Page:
Institutional members access full text with Ovid®

Share this article on:

Development and Validation of a Comprehensive Curriculum to Teach an Advanced Minimally Invasive Procedure: A Randomized Controlled Trial

Palter, Vanessa N. MD*; Grantcharov, Teodor P. MD, PhD

doi: 10.1097/SLA.0b013e318258f5aa
Randomized Clinical Trial

Objective: To develop and validate a comprehensive ex vivo training curriculum for laparoscopic colorectal surgery.

Background: Simulators have been shown to be viable systems for teaching technical skills outside the operating room; however, integration of simulation training into comprehensive curricula remains a major challenge in modern surgical education. Currently, no curricula have been described or validated for advanced laparoscopic procedures.

Methods: This prospective, single-blinded randomized controlled trial allocated 25 surgical residents to receive either conventional residency training or a comprehensive training curriculum for laparoscopic colorectal surgery. The curriculum consisted of proficiency-based psychomotor training on a virtual reality simulator, cognitive training, and participation in a cadaver lab. The primary outcome measure in this study was surgical performance in the operating room. All participants performed a laparoscopic right colectomy, which was video recorded and assessed using 2 previously validated assessment tools. Secondary outcome measures were knowledge relating to the execution of the procedure, assessed with a multiple-choice test, and technical performance on the simulator.

Results: Curricular-trained residents demonstrated superior performance in the operating room compared with conventionally trained residents (global score 16.0 [14.5–18.0] versus 8.0 [6.0–14.5], P = 0.030; number of operative steps performed 16.0 [12.5–17.5] versus 8.0 [6.0–14.5], P = 0.021; procedure-specific score 71.1 [54.4–81.6] versus 51.1 [36.7–74.4], P = 0.122). Curricular-trained residents scored higher on the multiple-choice test (10 [9–11] versus 7.5 [5.3–7.5], P = 0.047), and outperformed conventionally trained residents in 7 of 8 tasks on the simulator.

Conclusions: Participation in a comprehensive ex vivo training curriculum for laparoscopic colorectal surgery results in improved technical knowledge and improved performance in the operating room compared with conventional residency training. Reg. ID#NCT 01371136.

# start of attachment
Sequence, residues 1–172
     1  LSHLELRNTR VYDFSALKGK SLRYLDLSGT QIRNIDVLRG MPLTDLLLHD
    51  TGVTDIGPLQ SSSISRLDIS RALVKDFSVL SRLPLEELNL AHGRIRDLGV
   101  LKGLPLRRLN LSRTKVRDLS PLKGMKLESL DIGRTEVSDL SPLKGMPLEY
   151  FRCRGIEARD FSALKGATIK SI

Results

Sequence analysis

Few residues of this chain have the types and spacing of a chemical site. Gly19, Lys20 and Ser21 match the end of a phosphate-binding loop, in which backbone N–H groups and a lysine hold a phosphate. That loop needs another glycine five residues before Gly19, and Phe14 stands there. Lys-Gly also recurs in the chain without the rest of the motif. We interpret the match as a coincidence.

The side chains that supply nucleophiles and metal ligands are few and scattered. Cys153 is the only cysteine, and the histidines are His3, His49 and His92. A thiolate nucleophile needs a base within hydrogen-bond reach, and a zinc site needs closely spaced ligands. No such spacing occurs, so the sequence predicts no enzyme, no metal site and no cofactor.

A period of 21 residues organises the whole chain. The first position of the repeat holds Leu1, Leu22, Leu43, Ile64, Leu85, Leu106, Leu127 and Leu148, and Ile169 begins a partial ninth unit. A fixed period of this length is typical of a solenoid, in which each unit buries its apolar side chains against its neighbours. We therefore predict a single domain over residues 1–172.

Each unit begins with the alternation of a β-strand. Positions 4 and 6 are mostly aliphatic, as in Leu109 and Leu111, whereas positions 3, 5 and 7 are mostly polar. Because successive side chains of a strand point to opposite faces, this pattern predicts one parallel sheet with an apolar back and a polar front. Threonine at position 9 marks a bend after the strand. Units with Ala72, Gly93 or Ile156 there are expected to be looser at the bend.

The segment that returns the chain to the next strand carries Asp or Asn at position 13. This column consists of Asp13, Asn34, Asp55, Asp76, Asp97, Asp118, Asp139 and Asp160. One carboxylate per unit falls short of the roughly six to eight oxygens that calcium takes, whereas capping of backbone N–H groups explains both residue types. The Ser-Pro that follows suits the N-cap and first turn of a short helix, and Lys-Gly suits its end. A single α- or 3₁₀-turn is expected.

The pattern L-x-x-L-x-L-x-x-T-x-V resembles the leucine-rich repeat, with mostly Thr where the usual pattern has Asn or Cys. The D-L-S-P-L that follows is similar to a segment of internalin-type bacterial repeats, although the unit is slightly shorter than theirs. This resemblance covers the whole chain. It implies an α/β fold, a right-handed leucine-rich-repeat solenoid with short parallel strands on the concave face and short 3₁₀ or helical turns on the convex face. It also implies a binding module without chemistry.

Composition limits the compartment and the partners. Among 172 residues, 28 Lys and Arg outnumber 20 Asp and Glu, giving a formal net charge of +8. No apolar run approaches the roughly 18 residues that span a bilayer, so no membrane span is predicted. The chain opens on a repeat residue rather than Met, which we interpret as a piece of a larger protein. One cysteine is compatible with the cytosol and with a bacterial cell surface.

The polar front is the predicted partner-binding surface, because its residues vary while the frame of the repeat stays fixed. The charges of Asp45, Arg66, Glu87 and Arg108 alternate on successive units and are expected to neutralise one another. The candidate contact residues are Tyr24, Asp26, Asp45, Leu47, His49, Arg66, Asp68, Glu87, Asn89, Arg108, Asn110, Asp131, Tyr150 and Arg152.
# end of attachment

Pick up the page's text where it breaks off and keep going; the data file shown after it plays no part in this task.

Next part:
Supplemental Digital Content is Available in the Text.Currently, no ex vivo comprehensive curricula have been described or validated for advanced laparoscopic procedures. This randomized controlled trial describes a comprehensive ex vivo training curriculum for laparoscopic colorectal surgery. Surgical residents who train using this curriculum demonstrate superior performance in the operating room compared with conventionally trained residents.

*Department of Surgery, University of Toronto, Toronto, Ontario, Canada

Department of Surgery, St Michael's Hospital, University of Toronto, Toronto, Ontario, Canada.

Reprints: Vanessa N. Palter, MD, University of Toronto, 600 University Ave, Rm 440, Toronto, Ontario M5G 1X5, Canada. E-mail: vanessa.palter@utoronto.ca.

Disclosure: V.P. is supported by the Fellowship Grant from the Canadian Institute for Health Research, the Studies in Medical Education Fellowship from the Royal College of Physicians and Surgeons of Canada, and the American Society of Colon and Rectal Surgeons Research Foundation Limited Project Grant.

Supplemental digital content is available for this article. Direct URL citations appear in the printed text and are provided in the HTML and PDF versions of this article on the journal's Web site (www.annalsofsurgery.com).

© 2012 Lippincott Williams & Wilkins, Inc.